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Apollo 11 Earth Orbit Map

Updated: May 24, 2020

Most places are visited before they are mapped. But not the moon. Many maps of the moon already existed before J.F. Kennedy in 1961 declared putting a man on the moon one of the prime goals of the United States:

"I believe that this nation should commit itself to achieving the goal, before this decade is out, of landing a man on the Moon and returning him safely to the Earth. No single space project in this period will be more impressive to mankind, or more important for the long-range exploration of space; and none will be so difficult or expensive to accomplish."

Although it is often stated that the main goal of this expensive and dangerous mission was rivalry with the Russians, Kennedy initially proposed the Russian to make it a joined project. But they refused. And by July 1969, the NASA had reached the point where all was ready for sending a manned spacecraft to the moon.

This map is the Apollo Earth Orbit Chart for July 1969 launch dates. It is the second map from a set of three. This maps shows the projected trajectory of the 2nd earth orbit after launch.

The map was released in June by NASA and shows the trajectories that would be followed depending on the launch date and launch azimuth (which is a factor of launch time). For July, these dates were the 16th, 18th or 21st. The launch windows were dependent of the lunar phase, the optimal launch azimuth to take maximum advantage of the earth's rotation in achieving orbital velocity, and other technical reasons.

The map shows the projected flight path in blue. Flight paths are shown for launch azimuths between 72° and 108°. This range was chosen in order to keep the rocket after launch within the so-called Eastern Test Range: An over-see area starting at the launch pads at Cape Canaveral Air Force Station and Kennedy Space Center and extends eastward over the Atlantic Ocean. This area is relatively free from world shipping lanes and inhabited land masses, and was monitored extensively.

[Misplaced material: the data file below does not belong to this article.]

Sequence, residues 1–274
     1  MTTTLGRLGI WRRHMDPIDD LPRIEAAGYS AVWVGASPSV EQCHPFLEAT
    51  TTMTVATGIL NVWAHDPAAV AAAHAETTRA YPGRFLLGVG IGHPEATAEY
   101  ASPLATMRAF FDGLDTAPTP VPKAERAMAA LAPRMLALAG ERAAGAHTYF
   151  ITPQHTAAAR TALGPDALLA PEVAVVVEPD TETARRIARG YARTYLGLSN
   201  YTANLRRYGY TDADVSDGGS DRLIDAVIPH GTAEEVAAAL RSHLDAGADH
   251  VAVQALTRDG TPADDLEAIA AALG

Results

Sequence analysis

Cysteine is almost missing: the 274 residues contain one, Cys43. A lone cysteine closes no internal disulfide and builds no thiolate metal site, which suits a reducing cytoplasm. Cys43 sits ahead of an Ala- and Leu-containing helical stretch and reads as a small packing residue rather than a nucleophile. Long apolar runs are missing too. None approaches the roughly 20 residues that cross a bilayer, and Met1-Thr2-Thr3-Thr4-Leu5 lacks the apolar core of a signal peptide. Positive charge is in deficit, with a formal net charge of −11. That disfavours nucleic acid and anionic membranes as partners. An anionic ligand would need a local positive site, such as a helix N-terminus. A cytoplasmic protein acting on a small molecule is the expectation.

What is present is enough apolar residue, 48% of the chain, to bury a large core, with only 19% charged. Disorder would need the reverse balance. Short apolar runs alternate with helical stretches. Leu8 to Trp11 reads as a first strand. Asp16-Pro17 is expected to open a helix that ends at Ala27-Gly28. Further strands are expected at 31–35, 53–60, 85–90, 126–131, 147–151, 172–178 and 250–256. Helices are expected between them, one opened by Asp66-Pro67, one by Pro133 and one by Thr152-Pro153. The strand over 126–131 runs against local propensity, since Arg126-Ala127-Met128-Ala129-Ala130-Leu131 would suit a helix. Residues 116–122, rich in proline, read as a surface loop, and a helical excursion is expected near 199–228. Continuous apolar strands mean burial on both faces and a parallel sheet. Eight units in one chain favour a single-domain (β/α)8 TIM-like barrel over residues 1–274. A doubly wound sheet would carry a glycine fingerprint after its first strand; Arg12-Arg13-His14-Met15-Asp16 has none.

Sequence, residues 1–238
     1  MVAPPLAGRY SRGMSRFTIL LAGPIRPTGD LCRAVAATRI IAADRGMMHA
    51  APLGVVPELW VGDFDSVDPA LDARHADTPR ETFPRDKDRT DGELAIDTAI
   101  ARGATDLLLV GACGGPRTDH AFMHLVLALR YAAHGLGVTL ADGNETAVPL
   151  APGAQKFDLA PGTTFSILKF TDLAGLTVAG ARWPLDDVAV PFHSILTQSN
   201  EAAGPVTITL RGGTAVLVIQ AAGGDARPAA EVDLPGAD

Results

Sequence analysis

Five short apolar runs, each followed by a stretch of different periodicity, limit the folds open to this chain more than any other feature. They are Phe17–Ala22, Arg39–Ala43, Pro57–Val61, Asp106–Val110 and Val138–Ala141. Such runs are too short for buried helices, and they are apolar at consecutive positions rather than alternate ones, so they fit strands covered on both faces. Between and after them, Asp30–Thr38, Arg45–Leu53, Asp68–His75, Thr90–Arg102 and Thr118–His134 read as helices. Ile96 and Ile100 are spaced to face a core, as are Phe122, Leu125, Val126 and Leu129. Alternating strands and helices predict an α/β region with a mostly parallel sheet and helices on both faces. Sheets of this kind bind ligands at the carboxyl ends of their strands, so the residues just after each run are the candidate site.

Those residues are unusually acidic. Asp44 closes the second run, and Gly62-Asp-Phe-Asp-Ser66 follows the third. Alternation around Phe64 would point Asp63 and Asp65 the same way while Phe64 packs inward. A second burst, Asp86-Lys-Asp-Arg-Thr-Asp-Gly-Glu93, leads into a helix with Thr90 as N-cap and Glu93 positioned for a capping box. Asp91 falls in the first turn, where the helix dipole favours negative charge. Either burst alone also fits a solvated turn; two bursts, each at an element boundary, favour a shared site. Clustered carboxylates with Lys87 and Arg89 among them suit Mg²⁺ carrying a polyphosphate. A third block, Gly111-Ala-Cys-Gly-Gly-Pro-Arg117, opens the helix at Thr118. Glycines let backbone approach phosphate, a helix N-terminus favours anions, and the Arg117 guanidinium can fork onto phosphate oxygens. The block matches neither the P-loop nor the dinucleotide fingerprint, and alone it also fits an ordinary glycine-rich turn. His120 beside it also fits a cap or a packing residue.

Except for the flight paths, many other features are shown. The areas surround by black lines show the areas covered by one of the ground tracking stations. These stations NASA used several networks of ground-based antennas were used to track and communicate with the Earth orbiting spacecraft.

Here, the two ground stations in Australia are shown: Carnarvon Tracking Station (CRO), and Honeysuckle Creek (HSK). As can be observed, the areas covered by these stations are no perfect circles. This is caused by local geographical factors, such as mountains, and by technical properties of the antenna.

Apollo 11 was launched on July 16th, at 9:32:00 am EDT, launch azimuth 72.058°, so it follows the most southern blue trajectory. If we track the trajectory, we come across three overlapping red-lined circles. These indicate the areas covered by ships equipped to track and communicate with the spacecraft: Injection Ships 1 and 2, and the USNS Huntsville (HTV). These ships were brought in position to monitor and direct one of the most important procedures during the initial phase of the missing: Trans Lunar Injection (TLI): When the second ignition of the S-IVB engine pushes the spacecraft onto its trajectory towards the Moon.

The moment was carefully chosen. To arrive near the moon the spacecraft had to be targeted at a position where the moon would be when the spacecraft arrived. The moment of TLI shown on this sheet was the first opportunity to exit earths orbit. Sheet 3 marks a second opportunity. But that would no be needed.

The almost horizon red line marked TLI (16 JULY) marks the moment from when the 'burn' had to be initiated, and the black line TLT (16 JULY) marks the moment when the 'burn' had to be terminated, and leaving earths orbit would occur.

At 16:22:13 UTC, at 9.9204°N, 164.8373°W, Trans Lunar Injection was performed. Apollo 11 had left its orbit of the earth, and was on its way to the moon. And the rest is history.

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